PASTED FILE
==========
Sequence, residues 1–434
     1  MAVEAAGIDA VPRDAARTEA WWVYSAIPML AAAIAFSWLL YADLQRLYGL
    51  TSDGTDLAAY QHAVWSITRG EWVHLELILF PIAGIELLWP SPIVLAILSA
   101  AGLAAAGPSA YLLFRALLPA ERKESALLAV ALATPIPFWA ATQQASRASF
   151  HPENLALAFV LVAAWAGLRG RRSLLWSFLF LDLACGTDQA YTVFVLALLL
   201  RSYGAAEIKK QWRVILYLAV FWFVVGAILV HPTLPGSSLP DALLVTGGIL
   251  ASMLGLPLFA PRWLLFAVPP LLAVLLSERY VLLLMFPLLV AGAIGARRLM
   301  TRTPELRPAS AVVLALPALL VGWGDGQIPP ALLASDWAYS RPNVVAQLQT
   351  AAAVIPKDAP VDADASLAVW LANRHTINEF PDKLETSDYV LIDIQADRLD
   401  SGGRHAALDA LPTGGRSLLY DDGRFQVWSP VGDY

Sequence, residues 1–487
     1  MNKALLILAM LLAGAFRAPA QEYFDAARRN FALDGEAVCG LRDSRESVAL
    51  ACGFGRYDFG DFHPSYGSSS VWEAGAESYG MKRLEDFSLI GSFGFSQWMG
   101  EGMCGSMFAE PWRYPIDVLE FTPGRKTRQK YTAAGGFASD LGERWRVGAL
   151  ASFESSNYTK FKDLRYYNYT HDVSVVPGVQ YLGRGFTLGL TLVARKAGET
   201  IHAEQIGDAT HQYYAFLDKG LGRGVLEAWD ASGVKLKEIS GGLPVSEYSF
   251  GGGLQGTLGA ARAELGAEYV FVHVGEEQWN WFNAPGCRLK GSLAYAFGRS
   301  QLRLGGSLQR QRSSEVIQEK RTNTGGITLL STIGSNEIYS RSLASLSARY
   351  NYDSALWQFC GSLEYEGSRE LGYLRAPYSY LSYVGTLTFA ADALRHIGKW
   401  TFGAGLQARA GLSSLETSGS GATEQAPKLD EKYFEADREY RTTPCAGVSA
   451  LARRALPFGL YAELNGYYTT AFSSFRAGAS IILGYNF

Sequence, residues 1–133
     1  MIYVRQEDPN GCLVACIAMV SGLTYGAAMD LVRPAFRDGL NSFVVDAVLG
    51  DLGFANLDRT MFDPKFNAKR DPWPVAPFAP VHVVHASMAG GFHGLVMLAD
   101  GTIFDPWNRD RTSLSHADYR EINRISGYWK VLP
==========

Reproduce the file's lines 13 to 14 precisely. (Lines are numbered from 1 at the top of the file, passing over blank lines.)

    51  ACGFGRYDFG DFHPSYGSSS VWEAGAESYG MKRLEDFSLI GSFGFSQWMG
   101  EGMCGSMFAE PWRYPIDVLE FTPGRKTRQK YTAAGGFASD LGERWRVGAL